Senate Majority Leader Harry Reid rejected on Monday a GOP alternative to the House-passed extenders package that aides say he hopes to pass this week.
The Nevada Democrat said the 30-day extension measure offered by Minority Leader Mitch McConnell (R-Ky.) doesnt solve the problems of longer-term funding for unemployment insurance, state assistance for Medicaid and Medicare payouts to doctors.
We have to have a legitimate program to extend these benefits into the future, said Reid, who denied McConnells request to move to the measure authored by Sen. Chuck Grassley (R-Iowa). Thirty days doesnt do it. It just kicks the ball down the road.
The House-passed extenders package is entering its third week on the Senate floor, where it has languished as some Democrats express concerns over its $140 billion cost. Reid and other top Democrats have been working behind the scenes to rally enough support to pass the measure, which would extend funding for unemployment benefits until November and Medicaid funding for an additional year.
The Medicaid provision was stripped from the House bill to win enough votes for passage before Memorial Day, but Senate Democrats are hoping to pass legislation that restores it. That would mean the bill would return to the House for another vote.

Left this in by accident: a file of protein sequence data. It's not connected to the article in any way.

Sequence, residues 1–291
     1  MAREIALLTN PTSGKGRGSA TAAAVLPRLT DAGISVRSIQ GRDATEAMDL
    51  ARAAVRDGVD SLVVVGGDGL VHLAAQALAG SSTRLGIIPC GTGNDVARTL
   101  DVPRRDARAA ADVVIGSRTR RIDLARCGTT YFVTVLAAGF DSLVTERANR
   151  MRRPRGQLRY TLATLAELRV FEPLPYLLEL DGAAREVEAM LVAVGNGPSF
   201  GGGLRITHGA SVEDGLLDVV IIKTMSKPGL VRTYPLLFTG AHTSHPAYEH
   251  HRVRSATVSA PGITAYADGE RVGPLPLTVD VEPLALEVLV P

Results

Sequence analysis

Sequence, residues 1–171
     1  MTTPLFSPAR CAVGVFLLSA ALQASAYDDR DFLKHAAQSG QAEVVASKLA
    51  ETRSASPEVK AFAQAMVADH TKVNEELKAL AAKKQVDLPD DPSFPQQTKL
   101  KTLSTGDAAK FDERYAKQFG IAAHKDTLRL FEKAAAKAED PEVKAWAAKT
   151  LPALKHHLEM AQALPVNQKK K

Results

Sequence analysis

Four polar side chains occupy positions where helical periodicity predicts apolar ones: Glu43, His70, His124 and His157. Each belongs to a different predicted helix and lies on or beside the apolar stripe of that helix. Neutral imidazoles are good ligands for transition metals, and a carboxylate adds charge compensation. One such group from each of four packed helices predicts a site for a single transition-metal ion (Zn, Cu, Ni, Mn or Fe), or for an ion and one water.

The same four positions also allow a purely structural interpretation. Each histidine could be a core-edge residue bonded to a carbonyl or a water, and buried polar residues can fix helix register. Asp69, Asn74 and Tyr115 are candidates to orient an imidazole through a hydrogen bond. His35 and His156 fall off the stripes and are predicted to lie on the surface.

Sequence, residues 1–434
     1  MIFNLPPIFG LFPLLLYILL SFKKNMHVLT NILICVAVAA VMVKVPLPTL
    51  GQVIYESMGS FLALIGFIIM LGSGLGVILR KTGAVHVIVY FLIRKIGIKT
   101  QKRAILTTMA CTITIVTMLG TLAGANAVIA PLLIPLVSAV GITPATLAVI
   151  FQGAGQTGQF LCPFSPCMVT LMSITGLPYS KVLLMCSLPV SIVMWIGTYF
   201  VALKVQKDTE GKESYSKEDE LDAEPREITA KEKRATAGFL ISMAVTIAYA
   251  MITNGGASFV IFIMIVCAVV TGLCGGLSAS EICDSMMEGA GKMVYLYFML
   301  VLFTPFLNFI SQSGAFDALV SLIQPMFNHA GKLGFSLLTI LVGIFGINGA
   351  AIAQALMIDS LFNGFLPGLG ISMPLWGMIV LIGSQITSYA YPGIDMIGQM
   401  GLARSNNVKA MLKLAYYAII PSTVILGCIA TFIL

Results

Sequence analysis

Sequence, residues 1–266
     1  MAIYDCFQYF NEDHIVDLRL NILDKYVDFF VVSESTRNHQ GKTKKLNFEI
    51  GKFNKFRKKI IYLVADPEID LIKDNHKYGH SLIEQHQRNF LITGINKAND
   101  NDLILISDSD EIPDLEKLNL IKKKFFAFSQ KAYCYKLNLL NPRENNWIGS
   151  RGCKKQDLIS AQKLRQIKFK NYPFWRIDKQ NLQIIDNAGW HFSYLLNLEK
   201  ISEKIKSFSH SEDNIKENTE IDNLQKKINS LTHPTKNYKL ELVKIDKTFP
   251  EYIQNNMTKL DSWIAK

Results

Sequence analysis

McConnell sought to highlight the splinters among Democrats on Monday by noting that party members continue to argue among themselves about the extenders bill. Sens. Evan Bayh (D-Ind.) and Ben Nelson (D-Neb.) have been vocal in their concerns, as has moderate Republican Sen. Susan Collins (Maine), who could provide crucial support to move the legislation.
Aides suggest Reid could file cloture on the extenders package as early as Monday night, which could mean he is close to the 60 votes needed to clear a procedural hurdle.
Correction: June 14, 2010
The article misstated who authored the GOP's 30-day extension measure. Sen. Chuck Grassley wrote it.
Terri Henderson, 6, center, whose mother is El Salvador, attends a rally with members of Congress at Union Station's Columbus Circle to announce the Restore Opportunity, Strengthen, and Improve the Economy (ROSIE) Act on July 29, 2014. The legislation provides incentives for government contractors to pay a living wage and other benefits that would help low-income workers.